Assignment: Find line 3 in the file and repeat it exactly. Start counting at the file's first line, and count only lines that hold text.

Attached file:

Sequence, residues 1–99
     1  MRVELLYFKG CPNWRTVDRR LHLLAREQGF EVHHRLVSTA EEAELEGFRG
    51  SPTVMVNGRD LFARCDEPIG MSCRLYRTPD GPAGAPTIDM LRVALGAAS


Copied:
    51  SPTVMVNGRD LFARCDEPIG MSCRLYRTPD GPAGAPTIDM LRVALGAAS